Genetic Literacy Project By Jon Entine September 25, 2015
Scientists are now in agreement that we are not facing a beepocalypse as many in the media environmental activists and journalists have been predicting. Bee populations aren’t declining; they’re rising. According to statistics kept by the U.S. Department of Agriculture and the Food and Agriculture Organization of the United Nations, honeybee populations in the United States, Canada and Europe have been stable or growing for the two decades
But the latest statistics have not stemmed the tide of dire warnings. The focus has shifted from the pollinators themselves to beekeepers. Tim Tucker, president of the American Beekeeping Federation recently said: “It’s not the bees that are in jeopardy. …. I believe we’ll always have bees. … [But] unless things change, what’s in jeopardy is the commercial beekeeping industry.”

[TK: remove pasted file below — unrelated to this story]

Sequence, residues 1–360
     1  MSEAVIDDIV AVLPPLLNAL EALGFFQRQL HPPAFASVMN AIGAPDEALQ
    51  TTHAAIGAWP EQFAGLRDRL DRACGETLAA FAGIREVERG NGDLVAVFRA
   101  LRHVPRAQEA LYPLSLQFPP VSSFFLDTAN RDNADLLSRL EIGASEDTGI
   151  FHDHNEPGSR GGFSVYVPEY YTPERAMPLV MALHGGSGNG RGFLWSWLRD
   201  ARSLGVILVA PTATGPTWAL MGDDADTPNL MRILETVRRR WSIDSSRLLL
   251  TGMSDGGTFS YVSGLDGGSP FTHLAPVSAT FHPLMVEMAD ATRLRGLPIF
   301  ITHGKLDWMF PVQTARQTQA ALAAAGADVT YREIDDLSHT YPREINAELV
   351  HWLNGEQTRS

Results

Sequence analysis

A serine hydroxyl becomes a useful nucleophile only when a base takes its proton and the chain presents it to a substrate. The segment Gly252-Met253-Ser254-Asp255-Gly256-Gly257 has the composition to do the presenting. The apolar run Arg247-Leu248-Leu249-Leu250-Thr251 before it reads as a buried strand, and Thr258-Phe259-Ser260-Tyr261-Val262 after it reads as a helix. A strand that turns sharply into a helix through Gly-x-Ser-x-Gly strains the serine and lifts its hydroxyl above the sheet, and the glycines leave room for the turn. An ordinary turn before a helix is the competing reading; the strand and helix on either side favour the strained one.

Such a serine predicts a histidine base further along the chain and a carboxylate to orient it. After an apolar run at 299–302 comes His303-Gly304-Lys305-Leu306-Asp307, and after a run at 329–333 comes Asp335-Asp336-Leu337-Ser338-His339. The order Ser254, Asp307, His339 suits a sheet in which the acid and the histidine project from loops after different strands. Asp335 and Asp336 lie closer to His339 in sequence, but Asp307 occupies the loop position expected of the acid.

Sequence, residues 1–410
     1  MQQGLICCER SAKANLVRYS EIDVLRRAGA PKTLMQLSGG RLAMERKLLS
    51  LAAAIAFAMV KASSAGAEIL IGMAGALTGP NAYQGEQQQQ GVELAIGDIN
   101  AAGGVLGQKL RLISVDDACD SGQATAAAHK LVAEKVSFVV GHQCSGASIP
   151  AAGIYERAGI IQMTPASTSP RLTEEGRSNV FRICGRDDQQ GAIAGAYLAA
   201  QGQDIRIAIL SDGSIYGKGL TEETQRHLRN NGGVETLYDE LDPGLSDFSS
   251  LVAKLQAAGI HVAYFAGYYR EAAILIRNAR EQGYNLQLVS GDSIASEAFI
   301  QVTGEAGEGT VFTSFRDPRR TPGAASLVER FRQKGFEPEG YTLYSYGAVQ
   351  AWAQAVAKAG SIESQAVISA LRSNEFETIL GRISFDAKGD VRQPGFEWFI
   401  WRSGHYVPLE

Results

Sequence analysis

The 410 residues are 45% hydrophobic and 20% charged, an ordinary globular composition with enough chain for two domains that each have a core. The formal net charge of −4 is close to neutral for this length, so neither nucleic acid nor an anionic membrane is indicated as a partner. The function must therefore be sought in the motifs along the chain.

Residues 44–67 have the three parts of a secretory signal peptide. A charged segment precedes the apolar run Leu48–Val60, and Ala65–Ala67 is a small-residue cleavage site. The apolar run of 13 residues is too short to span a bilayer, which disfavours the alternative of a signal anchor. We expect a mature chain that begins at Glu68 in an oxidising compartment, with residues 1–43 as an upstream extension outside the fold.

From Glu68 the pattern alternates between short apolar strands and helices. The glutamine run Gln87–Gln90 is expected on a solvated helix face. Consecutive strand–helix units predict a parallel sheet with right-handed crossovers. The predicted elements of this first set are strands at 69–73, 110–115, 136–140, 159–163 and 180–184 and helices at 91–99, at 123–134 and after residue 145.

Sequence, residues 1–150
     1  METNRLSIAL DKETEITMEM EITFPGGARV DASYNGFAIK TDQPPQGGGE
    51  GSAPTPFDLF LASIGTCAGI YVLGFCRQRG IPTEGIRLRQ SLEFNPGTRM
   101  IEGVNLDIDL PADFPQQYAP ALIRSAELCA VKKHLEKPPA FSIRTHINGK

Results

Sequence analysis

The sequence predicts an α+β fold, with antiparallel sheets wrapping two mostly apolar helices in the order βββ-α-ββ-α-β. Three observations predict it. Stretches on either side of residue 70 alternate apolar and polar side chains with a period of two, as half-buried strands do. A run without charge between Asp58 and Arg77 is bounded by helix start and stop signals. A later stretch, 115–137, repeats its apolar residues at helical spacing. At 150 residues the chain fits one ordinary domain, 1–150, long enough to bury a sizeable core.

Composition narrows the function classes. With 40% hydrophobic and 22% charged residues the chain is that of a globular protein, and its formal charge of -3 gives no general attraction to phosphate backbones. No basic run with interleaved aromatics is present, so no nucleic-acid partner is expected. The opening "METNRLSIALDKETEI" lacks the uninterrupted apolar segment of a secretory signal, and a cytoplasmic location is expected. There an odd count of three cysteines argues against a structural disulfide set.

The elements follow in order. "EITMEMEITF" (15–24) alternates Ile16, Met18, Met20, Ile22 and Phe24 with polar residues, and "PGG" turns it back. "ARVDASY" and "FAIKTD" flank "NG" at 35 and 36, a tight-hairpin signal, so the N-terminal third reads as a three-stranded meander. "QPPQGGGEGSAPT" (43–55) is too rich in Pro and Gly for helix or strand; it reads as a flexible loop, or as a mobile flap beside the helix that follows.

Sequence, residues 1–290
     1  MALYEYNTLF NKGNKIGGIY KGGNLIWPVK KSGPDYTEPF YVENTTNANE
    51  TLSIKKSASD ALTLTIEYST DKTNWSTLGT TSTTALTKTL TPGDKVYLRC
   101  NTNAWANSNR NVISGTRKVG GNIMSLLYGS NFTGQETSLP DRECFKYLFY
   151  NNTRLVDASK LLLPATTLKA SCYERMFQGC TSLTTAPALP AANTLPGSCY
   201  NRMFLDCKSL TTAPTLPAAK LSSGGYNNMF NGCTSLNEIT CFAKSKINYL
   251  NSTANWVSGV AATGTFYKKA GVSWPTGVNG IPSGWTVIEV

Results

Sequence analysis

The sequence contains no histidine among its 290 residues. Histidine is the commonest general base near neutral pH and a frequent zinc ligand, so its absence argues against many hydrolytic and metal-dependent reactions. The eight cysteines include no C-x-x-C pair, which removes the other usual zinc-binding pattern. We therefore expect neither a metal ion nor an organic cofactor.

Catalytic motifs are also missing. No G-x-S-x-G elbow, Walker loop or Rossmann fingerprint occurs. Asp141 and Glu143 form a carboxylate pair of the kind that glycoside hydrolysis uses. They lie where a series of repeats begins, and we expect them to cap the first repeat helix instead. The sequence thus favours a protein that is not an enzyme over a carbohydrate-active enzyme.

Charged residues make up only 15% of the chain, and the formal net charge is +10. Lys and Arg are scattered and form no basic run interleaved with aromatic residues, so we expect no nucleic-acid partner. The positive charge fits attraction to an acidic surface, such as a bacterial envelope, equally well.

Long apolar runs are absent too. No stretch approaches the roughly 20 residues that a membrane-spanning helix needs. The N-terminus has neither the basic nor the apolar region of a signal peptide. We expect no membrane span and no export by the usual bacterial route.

University of Maryland bee researcher Dennis van Englesdrop echoed the sentiment: “We’re not worried about the bees going extinct …. We’re worried about the beekeepers going extinct.”
Beekeeping is challenging
“Beekeepers are indeed “working nearly twice as hard as ever,” as Tucker has said. Beekeepers report having to split their hives more often to make up for losses, entailing more work than in previous decades. And for commercial beekeepers maintaining thousands of bee hives, all of this additional work means more employees, more salaries, and more expenses.
The major driver of these challenges is the near-global spread of parasites...